In another study published by Corvinus et al. in 2018, Baseline and postoperative gastroparesis cardinal symptom index (GCSI), a validated index for GP therapy, was assessed. Response to electrical gastric stimulation (EGS) was defined as a 50% decrease of baseline GCSI. After a median follow-up time of 9 months, GCSI remained low in the responder group (four out of six patients had responded to EGS therapy) [20]

Levinthal et al. had published a systematic review and meta-analysis in 2017, which included articles from 1990-2014 on the effect of GES on total symptom severity score. Although total symptom severity scores did not differ in the five controlled trials (0.17 [95% confidence interval: −0.06 to 0.4]; P = 0.15), 16 open-label studies of GES showed a significantly lower TSS (2.68 [2.04-3.32]; Q = 39.0; P < 0.001). But the three studies showed significant differences in baseline TSS ratings (GES: 6.28 [6.28-7.42]; PLA: 4.59 [3.77-5.42]; MED: 4.76 [4.09-5.42]; BTx: 6.02 [5.3-6.74]; Q = 35.1; P b 0.001). Meta-analysis revealed that these baseline differences seemed to have impacted the results of the TSS ratings during treatment [22].

A review published by Chu et al. involving 601 subjects concluded that the beneficial effects of GES were seen more in patients with diabetic Gastroparesis than post-surgical and idiopathic etiologies [26].

A weight loss-A study was conducted with 183 patients who underwent GES from 2005 to 2015. Of the 183 patients with gastroparesis. 50% were diabetic, 42% idiopathic (ID), and 9% post-surgical (PS). The results demonstrate that DM patients saw a greater incidence of weight gain > 4 kg than PS and ID patients (67.6% vs. 8.1% vs. 24.3%, respectively, p < 0.05) [16].

A retrospective multi-center cohort study with 13 patients implanted with GES also supported the benefit of using GES for patients suffering from weight loss due to gastroparesis. According to this study, 11 patients (79%) gained a median of 5.1 kg in weight (P < 0.01) [21]. Another study with positive results is a retrospective single-center study with 50 participants showing improved BMI post gastric pacemaker implantation (23.40 vs. 26.46, p= 0.048) [15].

Quality of life- a large, multi-center, randomized, double-blind trial with a crossover consisting of 172 patients also did not show any significant difference in the quality of life among those with GES therapy [17]. On the other hand, Shine et al. published a study in 2019 showing a significant postoperative (implantation of gastric pacemaker) increase of 40.7% and 24.6% (p < 0.05) in quality-of-life scores [18].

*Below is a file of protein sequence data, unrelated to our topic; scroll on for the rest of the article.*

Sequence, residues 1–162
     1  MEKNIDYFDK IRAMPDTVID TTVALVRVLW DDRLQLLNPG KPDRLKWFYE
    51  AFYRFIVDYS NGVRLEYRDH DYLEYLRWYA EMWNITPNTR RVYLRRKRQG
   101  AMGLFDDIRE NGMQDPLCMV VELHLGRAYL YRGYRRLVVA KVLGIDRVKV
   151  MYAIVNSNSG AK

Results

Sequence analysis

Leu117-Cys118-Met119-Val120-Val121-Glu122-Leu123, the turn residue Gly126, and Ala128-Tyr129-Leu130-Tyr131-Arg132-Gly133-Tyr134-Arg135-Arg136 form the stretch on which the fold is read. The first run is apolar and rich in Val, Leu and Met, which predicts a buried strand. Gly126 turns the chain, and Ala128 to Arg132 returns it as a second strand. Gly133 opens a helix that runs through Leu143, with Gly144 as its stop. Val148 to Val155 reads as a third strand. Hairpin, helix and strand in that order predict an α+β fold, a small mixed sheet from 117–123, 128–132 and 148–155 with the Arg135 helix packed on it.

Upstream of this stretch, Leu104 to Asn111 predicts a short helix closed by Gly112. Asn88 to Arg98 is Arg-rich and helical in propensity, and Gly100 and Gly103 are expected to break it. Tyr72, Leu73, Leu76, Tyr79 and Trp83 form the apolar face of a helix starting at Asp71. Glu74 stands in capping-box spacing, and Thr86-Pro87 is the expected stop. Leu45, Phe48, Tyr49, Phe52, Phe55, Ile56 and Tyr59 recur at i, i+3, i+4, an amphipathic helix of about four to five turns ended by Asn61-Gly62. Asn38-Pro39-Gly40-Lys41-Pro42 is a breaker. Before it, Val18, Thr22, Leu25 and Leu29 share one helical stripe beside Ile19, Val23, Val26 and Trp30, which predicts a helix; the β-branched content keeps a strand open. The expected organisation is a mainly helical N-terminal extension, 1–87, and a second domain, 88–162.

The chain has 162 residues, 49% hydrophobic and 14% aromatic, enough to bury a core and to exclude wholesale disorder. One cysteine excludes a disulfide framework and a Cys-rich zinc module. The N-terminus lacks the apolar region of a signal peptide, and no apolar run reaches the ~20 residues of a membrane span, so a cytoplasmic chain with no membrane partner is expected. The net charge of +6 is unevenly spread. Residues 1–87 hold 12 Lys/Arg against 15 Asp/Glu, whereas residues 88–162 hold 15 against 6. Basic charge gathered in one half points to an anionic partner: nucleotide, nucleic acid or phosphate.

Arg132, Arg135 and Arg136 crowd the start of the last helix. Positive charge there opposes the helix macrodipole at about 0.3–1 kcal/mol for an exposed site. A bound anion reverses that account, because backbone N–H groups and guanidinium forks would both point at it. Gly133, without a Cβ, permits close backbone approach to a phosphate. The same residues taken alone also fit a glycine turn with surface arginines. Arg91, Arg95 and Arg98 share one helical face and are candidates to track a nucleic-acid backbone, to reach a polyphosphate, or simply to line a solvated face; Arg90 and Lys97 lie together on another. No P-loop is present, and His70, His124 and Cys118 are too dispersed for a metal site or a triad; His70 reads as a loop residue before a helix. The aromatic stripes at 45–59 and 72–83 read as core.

Multiple studies have shown an improvement in quality of life (QOL) with the use of a gastric pacemaker, as measured by Medicare DRG-adapted tools like Short Form 36 (SF-36) or Investigator Derived Outcome Measurement System (IDIOMS). A substantial postoperative increase in quality-of-life scores of 40.7 percent and 24.6 percent (p 0.05) was observed in a long-term follow-up of 28 patients with GES that focused on nutritional elements of GP syndromes. Changes in overall IDIOMS scores with GES were larger in idiopathic patients (baseline:19.9, temp GES:12.8, perm GES:13.5) than diabetic patients (baseline:19.9, temp GES:12.8, perm GES:13.5) [18].

Other beneficial effects of GES

Inflammatory indicators improved with the long-term use of GES. At baseline, patients with gastroparesis symptoms exhibited increased levels of interleukin-6 (IL-6) (46.64 to 53.01 pg/mL) and tumor necrosis factor-alpha (TNF) (22.18 to 7.46 pg/mL) (normal Interleukin-6 10.1 pg/mL and TNF 7.1 pg/mL, respectively). After six days, IL-6 levels increased (141.74 to 133.04 pg/mL), but TNF levels began to decline (19.84 to 8.50 pg/mL). IL-6 (15.34 to 20.51 pg/mL) and TNF (6.58 to 2.58 pg/mL) levels were observed to have decreased to near normal ranges after six months of persistent GES (adjusted p-value (Padj) 0.001) [18].

All patients had late effects in metabolic hormones (insulin, glucagon, and amylin; Padj 0.001 for all). In comparison to individuals with idiopathic gastroparesis, diabetic patients had significantly greater blood serum glucagon (276 pg/mL (DM) vs. 189 pg/mL (ID), Padj = 0.03) and insulin (9373 pmol/L (DM) vs. 3652 pmol/L(ID), Padj = 0.03) after temporary GES. Many of these patients had aberrant hormone levels at the start of the study. Because of its effects on the endocrine and exocrine systems, GES could be used to treat specific causes of gastroparesis, whether diabetic or not [18].